Coach Perspective: Chris O

Norway Trip Reflections – Chris Osgood – Guest coach

[We were so lucky to have Chris & Mary Heller Osgood, Putney Ski Club, as coaches on the Norway trip!!]

This year, thirty five years after we first skied in the Birkebeiner, we had the privilege to return with the Ford Sayre Group.  We knew when we signed up for a trip with Dennis and Scottie and Tim and Margaret as team leaders that we would have a wonderful trip.  That is complete and total understatement.  The detail of planning, the diversity of activities, the care, attention, and respect modeled within the group, and the quality of the overall experience were simply extraordinary.  When Jørgen, Chelsea, and Chris joined the group in Lillehammer, the dimensions of the experience increased even more.

When our bus deposited us in the start field in Rena on the morning of this year’s Birkebeiner, my memories from standing here before came trickling back. The sky was overcast that day as well, the instructions on the loudspeaker spoken in Norwegian still didn’t make much sense, and the tracks narrowed just as quickly from many to just eight when you entered the forest.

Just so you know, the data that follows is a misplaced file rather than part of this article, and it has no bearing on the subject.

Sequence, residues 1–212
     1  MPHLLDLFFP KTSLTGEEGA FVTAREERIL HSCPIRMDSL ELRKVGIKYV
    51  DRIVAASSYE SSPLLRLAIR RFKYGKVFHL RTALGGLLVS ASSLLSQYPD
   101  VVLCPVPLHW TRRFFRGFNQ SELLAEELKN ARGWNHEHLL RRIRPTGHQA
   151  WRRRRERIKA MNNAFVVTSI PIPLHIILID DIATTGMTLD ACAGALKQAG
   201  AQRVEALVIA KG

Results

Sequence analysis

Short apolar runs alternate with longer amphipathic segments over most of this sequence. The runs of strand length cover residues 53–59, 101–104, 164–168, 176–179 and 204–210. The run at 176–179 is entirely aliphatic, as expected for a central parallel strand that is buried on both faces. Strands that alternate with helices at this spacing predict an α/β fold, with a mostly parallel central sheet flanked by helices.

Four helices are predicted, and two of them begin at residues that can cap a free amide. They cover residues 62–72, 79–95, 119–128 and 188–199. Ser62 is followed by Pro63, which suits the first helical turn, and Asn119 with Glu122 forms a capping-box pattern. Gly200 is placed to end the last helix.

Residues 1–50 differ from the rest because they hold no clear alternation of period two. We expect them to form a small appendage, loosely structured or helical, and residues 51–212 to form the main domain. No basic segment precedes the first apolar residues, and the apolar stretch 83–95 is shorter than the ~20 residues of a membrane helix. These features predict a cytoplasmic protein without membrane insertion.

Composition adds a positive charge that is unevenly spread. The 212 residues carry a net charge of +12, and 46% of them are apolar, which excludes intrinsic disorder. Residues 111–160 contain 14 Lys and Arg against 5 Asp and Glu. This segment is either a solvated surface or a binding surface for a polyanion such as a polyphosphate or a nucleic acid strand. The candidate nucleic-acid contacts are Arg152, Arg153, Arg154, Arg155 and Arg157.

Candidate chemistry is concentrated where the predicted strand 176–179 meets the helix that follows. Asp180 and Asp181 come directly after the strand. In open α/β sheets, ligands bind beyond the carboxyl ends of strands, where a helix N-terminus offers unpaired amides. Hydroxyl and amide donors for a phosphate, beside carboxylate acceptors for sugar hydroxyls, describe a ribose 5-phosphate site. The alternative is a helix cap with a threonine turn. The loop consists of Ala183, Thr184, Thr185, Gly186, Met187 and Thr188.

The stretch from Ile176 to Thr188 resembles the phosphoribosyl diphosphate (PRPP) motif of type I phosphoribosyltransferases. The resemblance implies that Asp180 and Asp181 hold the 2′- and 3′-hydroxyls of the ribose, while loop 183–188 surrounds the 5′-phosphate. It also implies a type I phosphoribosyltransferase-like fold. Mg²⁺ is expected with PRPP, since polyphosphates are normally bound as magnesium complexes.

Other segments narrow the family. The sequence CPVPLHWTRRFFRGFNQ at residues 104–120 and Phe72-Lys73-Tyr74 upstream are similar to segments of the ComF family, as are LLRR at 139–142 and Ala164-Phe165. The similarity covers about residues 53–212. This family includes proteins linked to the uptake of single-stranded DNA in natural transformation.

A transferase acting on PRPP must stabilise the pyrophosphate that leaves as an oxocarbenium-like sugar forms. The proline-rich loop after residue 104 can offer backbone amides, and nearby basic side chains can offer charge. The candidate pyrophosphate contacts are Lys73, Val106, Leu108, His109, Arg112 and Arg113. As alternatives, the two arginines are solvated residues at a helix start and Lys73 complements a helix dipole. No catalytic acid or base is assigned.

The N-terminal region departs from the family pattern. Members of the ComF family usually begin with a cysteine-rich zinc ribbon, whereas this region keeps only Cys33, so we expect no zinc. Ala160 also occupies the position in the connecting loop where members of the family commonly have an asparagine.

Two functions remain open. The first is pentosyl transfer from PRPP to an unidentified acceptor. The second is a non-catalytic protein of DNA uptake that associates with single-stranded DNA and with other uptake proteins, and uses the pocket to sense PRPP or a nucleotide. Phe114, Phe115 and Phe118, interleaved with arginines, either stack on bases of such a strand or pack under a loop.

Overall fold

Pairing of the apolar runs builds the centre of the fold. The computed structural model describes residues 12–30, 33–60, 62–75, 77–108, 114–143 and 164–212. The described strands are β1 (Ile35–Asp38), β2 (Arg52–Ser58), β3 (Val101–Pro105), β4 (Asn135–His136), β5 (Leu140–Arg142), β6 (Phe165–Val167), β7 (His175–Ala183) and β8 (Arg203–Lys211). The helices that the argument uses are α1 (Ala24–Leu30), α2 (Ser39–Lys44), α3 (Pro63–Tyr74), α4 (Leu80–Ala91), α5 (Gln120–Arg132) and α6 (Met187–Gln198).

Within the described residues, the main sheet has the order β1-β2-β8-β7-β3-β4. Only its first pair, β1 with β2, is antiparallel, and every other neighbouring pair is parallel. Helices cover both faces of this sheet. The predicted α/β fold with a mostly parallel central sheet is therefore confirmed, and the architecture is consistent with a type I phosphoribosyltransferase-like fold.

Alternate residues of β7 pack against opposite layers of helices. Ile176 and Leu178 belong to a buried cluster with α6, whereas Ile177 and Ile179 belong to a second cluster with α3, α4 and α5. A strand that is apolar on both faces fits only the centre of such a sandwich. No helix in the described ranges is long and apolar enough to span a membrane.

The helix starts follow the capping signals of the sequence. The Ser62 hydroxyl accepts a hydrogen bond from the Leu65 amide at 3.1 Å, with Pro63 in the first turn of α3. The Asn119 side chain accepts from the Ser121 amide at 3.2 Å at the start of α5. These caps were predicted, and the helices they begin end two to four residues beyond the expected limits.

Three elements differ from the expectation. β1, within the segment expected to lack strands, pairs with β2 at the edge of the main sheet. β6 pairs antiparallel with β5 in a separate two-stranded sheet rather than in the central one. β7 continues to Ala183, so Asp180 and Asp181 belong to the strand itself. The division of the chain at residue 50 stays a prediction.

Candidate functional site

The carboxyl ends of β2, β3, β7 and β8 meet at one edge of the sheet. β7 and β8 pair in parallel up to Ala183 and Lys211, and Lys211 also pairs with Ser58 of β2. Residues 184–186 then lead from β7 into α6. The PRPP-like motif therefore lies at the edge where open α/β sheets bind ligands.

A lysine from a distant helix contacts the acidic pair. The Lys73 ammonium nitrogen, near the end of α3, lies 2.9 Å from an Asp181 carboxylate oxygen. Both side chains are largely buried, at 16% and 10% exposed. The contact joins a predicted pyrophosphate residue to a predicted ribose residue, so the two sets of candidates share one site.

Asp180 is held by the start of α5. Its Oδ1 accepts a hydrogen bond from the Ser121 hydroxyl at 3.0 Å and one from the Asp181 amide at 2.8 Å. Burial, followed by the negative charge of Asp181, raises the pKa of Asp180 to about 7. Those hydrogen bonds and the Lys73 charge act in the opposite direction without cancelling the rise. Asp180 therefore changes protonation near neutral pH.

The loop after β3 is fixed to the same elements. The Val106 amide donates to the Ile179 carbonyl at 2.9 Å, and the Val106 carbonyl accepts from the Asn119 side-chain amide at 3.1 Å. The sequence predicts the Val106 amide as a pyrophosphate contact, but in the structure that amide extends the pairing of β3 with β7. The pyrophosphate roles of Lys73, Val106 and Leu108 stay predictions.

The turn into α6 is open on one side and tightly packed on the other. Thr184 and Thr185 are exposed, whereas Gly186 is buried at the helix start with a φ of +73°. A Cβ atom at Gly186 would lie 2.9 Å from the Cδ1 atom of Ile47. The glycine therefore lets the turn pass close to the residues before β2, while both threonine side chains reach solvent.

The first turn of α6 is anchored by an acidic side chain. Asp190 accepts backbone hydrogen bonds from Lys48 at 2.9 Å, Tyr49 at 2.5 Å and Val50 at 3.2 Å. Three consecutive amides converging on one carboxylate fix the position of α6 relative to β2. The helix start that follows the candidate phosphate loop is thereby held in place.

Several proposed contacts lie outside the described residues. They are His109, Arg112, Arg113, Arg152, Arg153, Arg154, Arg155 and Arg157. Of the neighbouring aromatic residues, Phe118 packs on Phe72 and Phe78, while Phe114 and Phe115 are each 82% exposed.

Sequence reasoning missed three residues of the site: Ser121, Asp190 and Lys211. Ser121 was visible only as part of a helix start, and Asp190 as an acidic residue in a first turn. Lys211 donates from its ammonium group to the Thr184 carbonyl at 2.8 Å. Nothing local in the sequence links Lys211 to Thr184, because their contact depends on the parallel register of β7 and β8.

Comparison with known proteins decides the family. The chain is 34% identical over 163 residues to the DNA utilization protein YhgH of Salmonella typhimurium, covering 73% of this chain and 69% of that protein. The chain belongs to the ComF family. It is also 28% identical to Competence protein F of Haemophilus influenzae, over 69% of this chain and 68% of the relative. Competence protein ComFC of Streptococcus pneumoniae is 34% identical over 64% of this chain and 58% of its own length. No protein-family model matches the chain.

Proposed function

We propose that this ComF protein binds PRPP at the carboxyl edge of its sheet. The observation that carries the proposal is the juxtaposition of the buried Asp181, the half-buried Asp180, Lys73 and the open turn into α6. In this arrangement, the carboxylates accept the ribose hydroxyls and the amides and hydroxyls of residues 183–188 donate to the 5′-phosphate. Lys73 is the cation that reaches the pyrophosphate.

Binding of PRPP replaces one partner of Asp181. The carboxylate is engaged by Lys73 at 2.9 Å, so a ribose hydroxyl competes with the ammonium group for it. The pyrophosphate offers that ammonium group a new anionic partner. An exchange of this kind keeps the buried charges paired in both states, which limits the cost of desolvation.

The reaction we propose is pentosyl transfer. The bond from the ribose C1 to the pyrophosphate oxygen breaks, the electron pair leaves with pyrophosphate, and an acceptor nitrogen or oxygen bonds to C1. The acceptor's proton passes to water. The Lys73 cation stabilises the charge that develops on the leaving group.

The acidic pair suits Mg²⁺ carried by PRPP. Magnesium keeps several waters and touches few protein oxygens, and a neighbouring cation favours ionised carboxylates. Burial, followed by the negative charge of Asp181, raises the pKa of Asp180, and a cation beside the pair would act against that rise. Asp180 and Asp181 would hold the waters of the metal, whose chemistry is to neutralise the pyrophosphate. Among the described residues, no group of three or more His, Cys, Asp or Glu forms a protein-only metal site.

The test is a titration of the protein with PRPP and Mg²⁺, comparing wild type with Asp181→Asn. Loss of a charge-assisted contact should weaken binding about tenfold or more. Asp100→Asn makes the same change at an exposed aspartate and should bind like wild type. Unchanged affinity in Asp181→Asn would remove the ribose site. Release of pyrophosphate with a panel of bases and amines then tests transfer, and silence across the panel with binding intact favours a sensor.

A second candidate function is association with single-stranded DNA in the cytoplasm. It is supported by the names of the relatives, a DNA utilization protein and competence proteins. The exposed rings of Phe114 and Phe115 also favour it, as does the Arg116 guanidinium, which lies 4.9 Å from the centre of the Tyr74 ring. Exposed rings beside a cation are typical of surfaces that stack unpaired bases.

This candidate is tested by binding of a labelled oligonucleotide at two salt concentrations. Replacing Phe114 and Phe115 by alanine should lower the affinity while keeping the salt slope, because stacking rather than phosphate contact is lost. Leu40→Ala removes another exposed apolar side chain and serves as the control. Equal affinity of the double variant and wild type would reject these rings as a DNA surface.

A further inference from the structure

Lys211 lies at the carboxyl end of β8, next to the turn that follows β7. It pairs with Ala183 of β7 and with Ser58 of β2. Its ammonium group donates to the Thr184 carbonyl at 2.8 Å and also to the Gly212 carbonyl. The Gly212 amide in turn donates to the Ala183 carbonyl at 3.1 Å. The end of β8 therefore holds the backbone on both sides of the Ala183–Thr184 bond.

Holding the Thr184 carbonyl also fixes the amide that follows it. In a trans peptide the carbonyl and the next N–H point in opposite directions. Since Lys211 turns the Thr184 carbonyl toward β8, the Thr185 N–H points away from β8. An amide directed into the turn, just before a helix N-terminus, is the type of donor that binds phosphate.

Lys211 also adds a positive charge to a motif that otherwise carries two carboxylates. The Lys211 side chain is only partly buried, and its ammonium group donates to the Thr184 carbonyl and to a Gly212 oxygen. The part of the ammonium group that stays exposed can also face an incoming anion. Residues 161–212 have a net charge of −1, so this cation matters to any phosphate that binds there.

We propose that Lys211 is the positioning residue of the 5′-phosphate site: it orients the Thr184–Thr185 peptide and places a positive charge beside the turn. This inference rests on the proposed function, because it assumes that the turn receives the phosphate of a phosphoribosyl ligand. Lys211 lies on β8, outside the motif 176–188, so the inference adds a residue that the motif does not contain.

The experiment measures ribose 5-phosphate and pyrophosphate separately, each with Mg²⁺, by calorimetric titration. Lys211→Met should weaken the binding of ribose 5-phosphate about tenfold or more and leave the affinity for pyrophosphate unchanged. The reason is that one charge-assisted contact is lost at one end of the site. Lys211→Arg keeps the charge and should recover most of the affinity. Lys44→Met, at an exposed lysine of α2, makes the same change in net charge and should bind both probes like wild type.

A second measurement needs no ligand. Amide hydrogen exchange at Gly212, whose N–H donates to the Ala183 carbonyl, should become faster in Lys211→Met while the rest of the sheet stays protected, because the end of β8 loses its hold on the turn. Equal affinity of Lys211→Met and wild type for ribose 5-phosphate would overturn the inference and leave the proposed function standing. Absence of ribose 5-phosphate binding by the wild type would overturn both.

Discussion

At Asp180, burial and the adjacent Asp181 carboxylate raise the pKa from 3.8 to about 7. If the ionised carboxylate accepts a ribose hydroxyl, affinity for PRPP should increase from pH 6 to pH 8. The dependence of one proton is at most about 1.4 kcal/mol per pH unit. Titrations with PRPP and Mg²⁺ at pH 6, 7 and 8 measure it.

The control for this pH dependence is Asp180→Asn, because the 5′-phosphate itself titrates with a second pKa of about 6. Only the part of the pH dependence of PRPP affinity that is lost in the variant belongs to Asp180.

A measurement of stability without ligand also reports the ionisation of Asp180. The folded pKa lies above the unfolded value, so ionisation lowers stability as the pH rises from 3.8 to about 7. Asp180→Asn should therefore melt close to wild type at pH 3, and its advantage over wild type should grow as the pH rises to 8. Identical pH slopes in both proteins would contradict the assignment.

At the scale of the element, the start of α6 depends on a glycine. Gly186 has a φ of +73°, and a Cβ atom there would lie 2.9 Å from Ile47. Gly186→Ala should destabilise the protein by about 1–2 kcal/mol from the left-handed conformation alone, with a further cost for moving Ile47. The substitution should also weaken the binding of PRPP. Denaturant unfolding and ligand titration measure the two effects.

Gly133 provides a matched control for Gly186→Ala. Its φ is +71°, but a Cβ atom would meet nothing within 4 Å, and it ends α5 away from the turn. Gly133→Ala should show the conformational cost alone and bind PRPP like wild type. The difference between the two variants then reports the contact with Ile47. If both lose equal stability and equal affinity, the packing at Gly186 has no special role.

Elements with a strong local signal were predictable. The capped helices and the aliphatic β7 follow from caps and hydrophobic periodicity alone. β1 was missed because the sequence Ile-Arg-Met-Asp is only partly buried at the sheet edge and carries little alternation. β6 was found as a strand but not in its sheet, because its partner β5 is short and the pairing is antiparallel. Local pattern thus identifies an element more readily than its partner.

Chris and Tim going through Sjusjøen

We first skied in the Norwegian Birkebeiner in 1982.  Our son Brayton, was not quite a year old and with lots of help from friends and family we completed our first Birkebiener experience.  We still have delightful memories from that trip and that day: the predawn ride in a school bus to Rena, navigating the start procedures, the endless skiers in the tracks and the warmth of the crowd as we headed toward Lillehammer.

But what impressed me just as much about the trip was getting to know this extraordinary group of young skiers.  They are respectful, curious, excited, funny, dedicated, and helpful.  They are purposeful young athletes and fine skiers.  A favorite part of the day was often the reflections that each skier gave at the end of the team meeting in the evening.  There was always a variety in their reflections.  I appreciated the humor, the honesty, and the attention to different aspects of the day they noticed.  I always learned something.  On the Thursday before the Birkie, one skier simply said “Tired. Bed!”.  That was followed verbatim by the next 5 skiers.  I couldn’t help but smile.

My thanks to everyone on the trip.  It was a wonderful experience and we know how lucky we are to have been part of it.  We won’t wait another 35 years to go back, that’s for sure.